“Some programs use live video to try to replicate in-person tutoring as closely as possible,” Goldstein writes. “Others skip the human tutor and use artificial intelligence. And some are essentially instant-messaging services, with students and tutors randomly paired for brief typed chats, often organized around homework assignments.”
By contrast, the 50CAN teams have put the focus on personal connections, community ties and measurable results. As HawaiiKidsCAN Executive Director David Miyashiro shared: “HawaiiKidsCAN has seen the devastating impact of the pandemic on student learning, and the team stepped up to provide direct support for students on Lanai, one of Hawaii’s most rural islands, through an in-person pods learning program that deployed microgrants made possible via support from local and national funders. As part of the program, a local church on-island set up an afterschool and summer tutoring program that served more than 50 kids from ages 5-17 years old, using their microgrant to hire educators from the local public school.” The next step, Miyashiro shared, is scaling up this model “by introducing legislation in the 2022 session to create a publicly-funded statewide grants program.”
Similarly, one of the New Jersey tutoring programs, the NJ Tutoring Corps, is off to a promising start, due to the leadership of NJ Tutoring Corps Executive Director Katherine Bassett, who built the summer program in just 34 days. Serving 13 counties across the state, NJ.com reports: “Ninety paid tutors served 2,000 students and gained teaching experience this past summer through the program, which aimed to decrease potential learning loss.” The program is now re-starting this winter, in addition to other tutoring programs that districts are providing.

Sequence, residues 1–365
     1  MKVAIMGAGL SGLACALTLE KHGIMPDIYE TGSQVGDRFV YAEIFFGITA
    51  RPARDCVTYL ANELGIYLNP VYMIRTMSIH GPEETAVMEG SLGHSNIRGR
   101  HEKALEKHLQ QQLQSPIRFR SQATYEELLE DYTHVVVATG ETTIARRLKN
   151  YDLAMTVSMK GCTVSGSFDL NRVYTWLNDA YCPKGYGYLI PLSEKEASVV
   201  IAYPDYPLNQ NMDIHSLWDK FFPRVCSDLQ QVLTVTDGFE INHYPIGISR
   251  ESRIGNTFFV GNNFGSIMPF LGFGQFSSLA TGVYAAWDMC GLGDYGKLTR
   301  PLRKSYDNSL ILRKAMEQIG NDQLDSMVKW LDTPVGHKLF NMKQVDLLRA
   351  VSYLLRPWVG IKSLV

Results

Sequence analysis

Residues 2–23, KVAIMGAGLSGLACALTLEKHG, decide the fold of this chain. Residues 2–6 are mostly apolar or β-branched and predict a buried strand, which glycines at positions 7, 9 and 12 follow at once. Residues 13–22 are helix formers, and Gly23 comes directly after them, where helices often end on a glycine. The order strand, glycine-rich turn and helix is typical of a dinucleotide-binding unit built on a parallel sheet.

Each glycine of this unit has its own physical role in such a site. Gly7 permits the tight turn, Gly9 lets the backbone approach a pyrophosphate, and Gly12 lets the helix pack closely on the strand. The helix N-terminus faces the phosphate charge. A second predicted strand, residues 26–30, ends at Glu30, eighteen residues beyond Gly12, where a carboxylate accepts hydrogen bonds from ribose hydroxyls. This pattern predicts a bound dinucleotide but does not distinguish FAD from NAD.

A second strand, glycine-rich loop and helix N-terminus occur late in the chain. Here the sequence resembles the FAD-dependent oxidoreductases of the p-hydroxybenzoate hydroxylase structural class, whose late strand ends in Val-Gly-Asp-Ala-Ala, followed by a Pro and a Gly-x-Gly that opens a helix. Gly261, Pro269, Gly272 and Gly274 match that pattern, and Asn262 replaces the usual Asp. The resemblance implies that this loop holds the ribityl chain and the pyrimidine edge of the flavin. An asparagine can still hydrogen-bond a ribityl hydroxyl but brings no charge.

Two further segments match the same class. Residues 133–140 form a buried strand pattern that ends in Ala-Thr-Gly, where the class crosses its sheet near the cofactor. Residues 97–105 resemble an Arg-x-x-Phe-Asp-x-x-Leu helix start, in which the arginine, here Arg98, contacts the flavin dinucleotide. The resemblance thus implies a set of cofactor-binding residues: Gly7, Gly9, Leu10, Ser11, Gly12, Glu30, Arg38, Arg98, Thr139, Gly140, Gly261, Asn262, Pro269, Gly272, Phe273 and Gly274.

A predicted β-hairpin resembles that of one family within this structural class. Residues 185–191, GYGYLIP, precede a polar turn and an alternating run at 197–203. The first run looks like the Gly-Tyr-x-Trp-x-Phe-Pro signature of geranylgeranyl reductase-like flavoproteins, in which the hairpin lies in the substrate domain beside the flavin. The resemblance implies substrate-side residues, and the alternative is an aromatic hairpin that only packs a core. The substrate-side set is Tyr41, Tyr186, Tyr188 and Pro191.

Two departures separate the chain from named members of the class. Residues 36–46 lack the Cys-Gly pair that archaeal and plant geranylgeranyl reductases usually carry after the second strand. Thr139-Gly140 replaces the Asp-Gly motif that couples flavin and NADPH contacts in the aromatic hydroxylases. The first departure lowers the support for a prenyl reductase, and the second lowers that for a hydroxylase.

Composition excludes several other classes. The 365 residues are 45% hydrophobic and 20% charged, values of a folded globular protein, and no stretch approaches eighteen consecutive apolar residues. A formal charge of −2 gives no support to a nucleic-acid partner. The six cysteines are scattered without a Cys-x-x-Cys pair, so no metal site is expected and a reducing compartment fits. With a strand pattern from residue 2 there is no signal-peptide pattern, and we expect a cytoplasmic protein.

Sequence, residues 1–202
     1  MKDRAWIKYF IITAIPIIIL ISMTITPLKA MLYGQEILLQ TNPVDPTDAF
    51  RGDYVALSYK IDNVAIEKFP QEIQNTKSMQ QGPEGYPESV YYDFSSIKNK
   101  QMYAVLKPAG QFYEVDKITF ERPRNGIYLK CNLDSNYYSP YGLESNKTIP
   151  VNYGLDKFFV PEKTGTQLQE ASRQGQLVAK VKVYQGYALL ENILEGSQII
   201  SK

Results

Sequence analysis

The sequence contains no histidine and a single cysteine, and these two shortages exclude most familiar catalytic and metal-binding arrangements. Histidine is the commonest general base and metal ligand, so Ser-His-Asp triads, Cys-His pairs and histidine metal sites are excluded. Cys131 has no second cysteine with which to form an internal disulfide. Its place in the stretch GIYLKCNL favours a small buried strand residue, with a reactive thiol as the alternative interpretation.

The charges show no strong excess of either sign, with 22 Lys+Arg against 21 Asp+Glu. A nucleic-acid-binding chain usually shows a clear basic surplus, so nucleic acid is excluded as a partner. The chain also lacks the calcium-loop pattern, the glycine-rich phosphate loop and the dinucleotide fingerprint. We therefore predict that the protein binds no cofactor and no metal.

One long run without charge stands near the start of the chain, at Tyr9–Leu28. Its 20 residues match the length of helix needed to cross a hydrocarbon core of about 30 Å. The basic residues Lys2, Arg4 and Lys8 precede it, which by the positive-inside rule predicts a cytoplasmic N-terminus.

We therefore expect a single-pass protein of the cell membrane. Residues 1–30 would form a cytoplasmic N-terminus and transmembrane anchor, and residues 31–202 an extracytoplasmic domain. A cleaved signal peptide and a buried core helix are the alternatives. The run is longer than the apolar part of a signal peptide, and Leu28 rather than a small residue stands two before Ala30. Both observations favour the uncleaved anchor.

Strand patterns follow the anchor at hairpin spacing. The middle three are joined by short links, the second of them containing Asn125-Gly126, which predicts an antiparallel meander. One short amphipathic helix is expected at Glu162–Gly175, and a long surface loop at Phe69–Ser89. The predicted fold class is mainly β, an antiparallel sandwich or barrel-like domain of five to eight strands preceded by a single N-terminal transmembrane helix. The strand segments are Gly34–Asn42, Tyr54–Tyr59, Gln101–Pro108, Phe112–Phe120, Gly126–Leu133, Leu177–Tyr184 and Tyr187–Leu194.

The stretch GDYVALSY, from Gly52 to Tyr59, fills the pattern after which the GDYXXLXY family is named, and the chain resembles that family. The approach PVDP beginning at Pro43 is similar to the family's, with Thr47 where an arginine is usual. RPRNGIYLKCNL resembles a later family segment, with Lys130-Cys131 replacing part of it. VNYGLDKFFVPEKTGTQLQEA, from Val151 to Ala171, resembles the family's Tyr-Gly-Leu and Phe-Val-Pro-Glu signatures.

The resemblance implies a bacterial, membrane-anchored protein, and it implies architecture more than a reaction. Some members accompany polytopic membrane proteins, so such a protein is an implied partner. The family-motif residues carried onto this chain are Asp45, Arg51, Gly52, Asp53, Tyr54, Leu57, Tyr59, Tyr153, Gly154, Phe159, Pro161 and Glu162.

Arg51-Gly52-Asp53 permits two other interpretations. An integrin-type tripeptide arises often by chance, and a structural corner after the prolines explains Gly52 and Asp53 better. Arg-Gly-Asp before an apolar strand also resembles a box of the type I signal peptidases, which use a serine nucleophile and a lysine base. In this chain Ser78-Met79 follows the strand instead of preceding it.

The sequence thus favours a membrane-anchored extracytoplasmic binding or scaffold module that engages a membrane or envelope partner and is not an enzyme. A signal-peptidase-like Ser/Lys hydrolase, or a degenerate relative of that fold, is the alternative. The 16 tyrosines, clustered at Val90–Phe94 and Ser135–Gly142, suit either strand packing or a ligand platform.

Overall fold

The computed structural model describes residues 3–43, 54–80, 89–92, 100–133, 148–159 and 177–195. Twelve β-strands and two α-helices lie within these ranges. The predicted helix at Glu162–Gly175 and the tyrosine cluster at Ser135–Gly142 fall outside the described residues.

- The task this week is to continue to push forward towards the goal of high-quality tutoring for all and insist that programs are built from the ground up to maximize the gains for students rather than to simply check a box.
Help parents stay informed
“I think staffing newsrooms across the country is, for many reasons, a great challenge,” NewMexicoKidsCAN Executive Director Amanda Aragon tells 50CAN President Derrell Bradford in a new video interview. “And so, unfortunately, despite the best efforts of incredible partners in the press which we have here in New Mexico, they don’t have enough capacity to cover education to the extent that we think it deserves to be covered.”
After hearing from parent after parent about the need for more information about their schools, Aragon decided to step forward to fill the gap. The result is NMEducation.org which launches today as a non-partisan news site that will connect parents with the most important education stories in the Land of Enchantment.